Fishing on the Romaine - cold clean running water, solitude,
scenery and of course fish. What more can you ask?

I'm sure you've seen pictures of people with monster-sized fish in the far north. I could only imagine that it would be an experience of a lifetime hooking into one of those giants! So I figured if an opportunity came about (like the Romaine River), I would take my fishing rod. So the trip materializes and guess what I didn't take?! I knew Ben was bringing 2 rods and I figured if he began catching them left, right and center, I would borrow one of his to try my hand at casting. (pleeeese, Ben!)

Massive fish steaks - 3 complete meals for 4 hungry guys!
We weren't about to go hungry anytime soon!

Before heading out on the Romaine, we got various reports of the fishing conditions out there. They seem to hinge on both ends of the spectrum - good to not that great. So with this we headed with some expectations, but not too much. We also took enough food for every meal, so catching fish would only supplement our meals rather than replace them - we were optimistic, not foolish. So off we went, hoping to brag about the "big one", or come back with stories about how amazing the portages were or how much we enjoyed all the rain!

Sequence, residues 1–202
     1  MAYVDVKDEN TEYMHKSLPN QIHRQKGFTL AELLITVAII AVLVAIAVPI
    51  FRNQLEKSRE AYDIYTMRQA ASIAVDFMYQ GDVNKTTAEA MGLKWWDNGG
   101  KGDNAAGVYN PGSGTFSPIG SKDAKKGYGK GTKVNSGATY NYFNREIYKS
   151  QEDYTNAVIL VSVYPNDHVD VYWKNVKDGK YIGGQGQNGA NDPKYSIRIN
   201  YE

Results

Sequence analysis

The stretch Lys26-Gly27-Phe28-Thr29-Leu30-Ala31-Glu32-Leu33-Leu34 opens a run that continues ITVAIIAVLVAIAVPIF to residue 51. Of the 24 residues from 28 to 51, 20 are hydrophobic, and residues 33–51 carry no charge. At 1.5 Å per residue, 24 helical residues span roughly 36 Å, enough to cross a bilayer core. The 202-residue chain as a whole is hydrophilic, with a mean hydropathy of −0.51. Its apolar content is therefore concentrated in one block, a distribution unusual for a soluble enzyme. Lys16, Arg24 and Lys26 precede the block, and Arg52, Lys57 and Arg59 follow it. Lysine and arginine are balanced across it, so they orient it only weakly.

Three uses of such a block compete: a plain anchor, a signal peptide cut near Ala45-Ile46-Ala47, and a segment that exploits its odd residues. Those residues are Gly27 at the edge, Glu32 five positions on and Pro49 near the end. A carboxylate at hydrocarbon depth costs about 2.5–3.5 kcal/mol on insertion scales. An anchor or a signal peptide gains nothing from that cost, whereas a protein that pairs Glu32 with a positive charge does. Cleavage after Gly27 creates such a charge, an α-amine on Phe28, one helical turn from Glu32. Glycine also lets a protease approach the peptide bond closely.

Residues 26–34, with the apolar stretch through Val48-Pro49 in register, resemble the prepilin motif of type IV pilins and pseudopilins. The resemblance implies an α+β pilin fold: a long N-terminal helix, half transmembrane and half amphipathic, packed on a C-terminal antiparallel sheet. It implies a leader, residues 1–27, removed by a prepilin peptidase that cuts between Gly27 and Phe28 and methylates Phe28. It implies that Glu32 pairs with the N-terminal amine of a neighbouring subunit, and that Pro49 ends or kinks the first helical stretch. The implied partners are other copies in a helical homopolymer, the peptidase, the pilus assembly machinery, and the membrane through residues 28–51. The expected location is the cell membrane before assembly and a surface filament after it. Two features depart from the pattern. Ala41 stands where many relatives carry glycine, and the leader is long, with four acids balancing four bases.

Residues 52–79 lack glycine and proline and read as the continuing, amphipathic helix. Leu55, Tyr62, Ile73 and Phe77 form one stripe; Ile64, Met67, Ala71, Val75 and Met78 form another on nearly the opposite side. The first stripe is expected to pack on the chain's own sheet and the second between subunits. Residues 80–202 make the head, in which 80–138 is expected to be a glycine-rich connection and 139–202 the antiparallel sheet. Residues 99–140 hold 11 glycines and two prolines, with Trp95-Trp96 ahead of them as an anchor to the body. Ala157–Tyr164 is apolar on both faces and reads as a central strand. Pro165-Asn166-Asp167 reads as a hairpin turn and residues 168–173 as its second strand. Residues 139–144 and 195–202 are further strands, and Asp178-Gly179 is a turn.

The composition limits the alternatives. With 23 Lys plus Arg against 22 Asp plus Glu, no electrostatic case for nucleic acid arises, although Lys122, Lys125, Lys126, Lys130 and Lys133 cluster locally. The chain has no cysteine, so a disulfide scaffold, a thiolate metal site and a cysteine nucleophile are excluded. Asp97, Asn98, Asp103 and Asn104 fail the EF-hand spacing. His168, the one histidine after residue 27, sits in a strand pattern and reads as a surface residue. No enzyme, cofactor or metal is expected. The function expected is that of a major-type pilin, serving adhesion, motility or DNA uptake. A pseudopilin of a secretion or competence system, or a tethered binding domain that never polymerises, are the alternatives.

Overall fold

One of the many beautiful brook trout that was
caught lurking by the fast moving water

Okay, lets cut to the chase. The fishing was pretty good! Much better than our reserved expectation! Most opportunities to fish produced results. The only fish we caught on the Romaine were pike and brook trout. We were hoping to catch some of the land-locked salmon, but didn't luck out in this regard. In any case we were not disappointed. Although one time, we almost were.

No, its not caught on a log! Even I had
a big one on the line!
Photo: Dimitry Sapon

When people talk about the "big one" that got away, usually only evidence will vindicate your story. Fish stories always seem to get blown out of proportion. Once Ben hooked into a monster pike that he struggled with for almost 20 mins. All the while intensely discussing with the rest of us how we were going to haul this monster in! We had no net or gaff to pull it in without losing it or our fingers! (pike have rows of big razor-sharp teeth!) At one point as the tired pike rested close to shore Ben realized his line was tangled. But just as he was trying to fix it, the pike jerked violently and snapped the line clean. I'm not going to comment on the choice vocabulary that spewed from his mouth, but lets just say he was rightfully upset. Actually we all were.